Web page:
FDA Advisory Panel Rejects Novel ALS Drug

Pauline Anderson

March 31, 2022

A US Food and Drug Association (FDA) advisory panel has concluded there's not enough evidence to support approval of a new drug to treat amyotrophic lateral sclerosis (ALS).

Members of the FDA Peripheral and Central Nervous System Drugs Advisory Committee met to discuss a new drug application for AMX0035 (Amylyx Pharmaceuticals Inc), a combination of sodium phenylbutyrate (PB) and taurursodiol (TURSO).

Six of 10 members voted that the efficacy evidence from a single randomized controlled trial (CENTAUR) and an open-label extension is insufficient.

Panel members acknowledged the compelling need for new treatments for this devastating disease and were moved by passionate testimony from patients, caregivers, and others. However, they believe the evidence doesn't meet the required standard for FDA approval, based on a single trial.

"We were asked to look for substantial evidence of persuasiveness and robustness, and I think this one trial doesn't quite meet that bar and was problematic," said Kenneth Fischbeck, MD, Distinguished Investigator, National Institute of Neurological Disorders and Stroke, National Institutes of Health.

"It would be a disservice to patients and their families to move ahead and approve a treatment that is of uncertain benefit," said Fischbeck.

Functional Decline Slowed

AMX0035 is designed to reduce neuronal death by mitigating endoplasmic reticulum stress and mitochondrial dysfunction. The drug is formulated as a powder and packaged in sachets, each containing 3 g PB and 1 g TURSO, and can be administered orally or via feeding tube.

The CENTAUR trial was conducted in 25 US centers in two phases ― a 24-week randomized controlled phase and an open-label phase.

The study randomly assigned 137 patients (mean age, 58 years) the drug (n = 89) or placebo (n = 48). On average, participants were enrolled in the trial 6 months after being diagnosed with ALS and about 13.5 months after initial symptom onset. Most patients were taking one or both of the currently approved ALS drugs ― riluzole or edaravone.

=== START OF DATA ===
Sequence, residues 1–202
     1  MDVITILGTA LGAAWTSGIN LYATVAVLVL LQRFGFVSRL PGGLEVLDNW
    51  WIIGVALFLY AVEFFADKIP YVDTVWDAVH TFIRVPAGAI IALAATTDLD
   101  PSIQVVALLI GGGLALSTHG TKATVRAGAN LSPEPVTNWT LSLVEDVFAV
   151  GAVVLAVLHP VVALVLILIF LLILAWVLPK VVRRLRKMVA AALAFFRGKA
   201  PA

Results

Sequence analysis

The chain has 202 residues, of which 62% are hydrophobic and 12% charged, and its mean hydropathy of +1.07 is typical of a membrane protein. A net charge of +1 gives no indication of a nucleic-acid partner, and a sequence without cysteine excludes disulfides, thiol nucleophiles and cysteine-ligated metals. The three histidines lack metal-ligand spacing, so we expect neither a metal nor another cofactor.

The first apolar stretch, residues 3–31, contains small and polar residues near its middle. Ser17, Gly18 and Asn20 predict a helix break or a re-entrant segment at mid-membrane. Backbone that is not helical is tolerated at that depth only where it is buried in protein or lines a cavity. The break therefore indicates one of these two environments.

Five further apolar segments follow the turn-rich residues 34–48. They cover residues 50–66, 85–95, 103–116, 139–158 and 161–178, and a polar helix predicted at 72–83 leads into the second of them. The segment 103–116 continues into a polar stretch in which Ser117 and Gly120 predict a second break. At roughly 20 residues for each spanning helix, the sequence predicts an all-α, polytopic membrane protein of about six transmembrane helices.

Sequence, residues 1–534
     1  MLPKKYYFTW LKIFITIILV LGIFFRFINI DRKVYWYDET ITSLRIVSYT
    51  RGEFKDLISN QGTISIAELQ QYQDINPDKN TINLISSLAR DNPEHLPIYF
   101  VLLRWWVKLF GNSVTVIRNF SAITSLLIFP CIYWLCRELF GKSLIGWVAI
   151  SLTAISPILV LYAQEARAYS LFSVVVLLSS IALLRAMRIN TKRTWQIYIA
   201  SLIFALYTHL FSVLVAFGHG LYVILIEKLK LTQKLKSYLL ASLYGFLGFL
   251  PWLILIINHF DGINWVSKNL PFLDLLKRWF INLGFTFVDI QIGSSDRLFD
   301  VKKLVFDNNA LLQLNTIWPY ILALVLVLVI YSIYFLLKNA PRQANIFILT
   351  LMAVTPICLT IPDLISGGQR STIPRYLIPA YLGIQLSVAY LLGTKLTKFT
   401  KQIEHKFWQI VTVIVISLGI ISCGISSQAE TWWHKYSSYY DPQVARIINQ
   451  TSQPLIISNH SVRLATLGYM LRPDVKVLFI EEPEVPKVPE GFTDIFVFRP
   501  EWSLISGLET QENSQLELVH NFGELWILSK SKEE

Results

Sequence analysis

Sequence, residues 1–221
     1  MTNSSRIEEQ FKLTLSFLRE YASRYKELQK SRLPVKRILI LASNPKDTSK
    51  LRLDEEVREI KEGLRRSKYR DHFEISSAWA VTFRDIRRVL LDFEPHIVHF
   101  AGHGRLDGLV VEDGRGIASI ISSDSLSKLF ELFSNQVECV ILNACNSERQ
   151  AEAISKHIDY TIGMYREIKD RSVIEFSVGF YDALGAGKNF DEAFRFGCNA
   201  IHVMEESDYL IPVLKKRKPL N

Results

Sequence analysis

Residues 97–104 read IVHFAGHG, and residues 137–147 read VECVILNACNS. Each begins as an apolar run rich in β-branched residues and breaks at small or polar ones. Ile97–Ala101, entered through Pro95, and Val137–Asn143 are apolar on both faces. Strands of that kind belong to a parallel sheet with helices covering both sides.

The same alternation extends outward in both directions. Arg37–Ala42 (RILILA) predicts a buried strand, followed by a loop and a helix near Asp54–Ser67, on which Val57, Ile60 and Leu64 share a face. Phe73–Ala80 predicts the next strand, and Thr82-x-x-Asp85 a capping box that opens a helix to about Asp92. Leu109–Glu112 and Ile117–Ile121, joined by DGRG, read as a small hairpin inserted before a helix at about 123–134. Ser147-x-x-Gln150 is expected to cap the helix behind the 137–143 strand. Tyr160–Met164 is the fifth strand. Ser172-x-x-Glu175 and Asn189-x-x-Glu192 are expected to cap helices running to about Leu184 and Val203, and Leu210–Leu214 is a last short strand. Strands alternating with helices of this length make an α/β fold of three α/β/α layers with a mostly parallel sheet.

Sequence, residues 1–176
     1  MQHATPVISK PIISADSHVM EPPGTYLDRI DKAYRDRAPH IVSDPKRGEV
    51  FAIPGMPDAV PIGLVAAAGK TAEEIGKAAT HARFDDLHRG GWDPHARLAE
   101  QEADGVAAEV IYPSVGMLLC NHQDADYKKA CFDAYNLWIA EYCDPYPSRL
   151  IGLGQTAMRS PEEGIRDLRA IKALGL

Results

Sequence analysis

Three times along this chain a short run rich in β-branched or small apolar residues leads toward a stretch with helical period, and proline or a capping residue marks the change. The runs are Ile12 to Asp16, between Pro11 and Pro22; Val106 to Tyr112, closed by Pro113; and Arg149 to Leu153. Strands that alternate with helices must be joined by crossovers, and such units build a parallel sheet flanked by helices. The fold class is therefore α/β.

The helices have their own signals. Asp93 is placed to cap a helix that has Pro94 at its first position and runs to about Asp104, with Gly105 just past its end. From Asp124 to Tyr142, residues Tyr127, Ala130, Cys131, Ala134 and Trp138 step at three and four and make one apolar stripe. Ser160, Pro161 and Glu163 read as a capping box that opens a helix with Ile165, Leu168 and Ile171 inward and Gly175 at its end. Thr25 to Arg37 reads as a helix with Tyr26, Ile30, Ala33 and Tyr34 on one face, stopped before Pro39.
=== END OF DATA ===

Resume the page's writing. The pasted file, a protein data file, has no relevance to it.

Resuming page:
AMX0035 has a bitter taste, but the placebo was taste-matched and included a bittering agent.

The primary outcome was the score on the ALS Functional Rating Scale–Revised (ALSFRS-R), which measures independence in performing daily function, including swallowing. The score is calculated by adding answers to 12 questions, each rated on a scale of 0 to 4, for a total range of 0–48. At baseline, the average ALSFRS-R total score for the two groups was about 36.0.

Jamie Timmons, MD, head of scientific communications, Amylyx Pharmaceuticals, reported that the drug slowed functional decline. The mean rate of change in the ALSFRS-R score was −1.24 points per month with the active drug and −1.66 points per month with placebo, for a difference of 0.42 points per month (95% CI, 0.03 – 0.81; P = .034).

This represents a 25% slower decline in function for the AMX0035 group compared to the patients taking placebo, said Timmons. A change of 20% or more is considered clinically meaningful.

At the end of the randomization phase, this slowing of functional decline in the treated group resulted in a 2.32-point benefit on the ALSFRS-R scale, and results were consistent across a number of sensitivity analyses, said Timmons.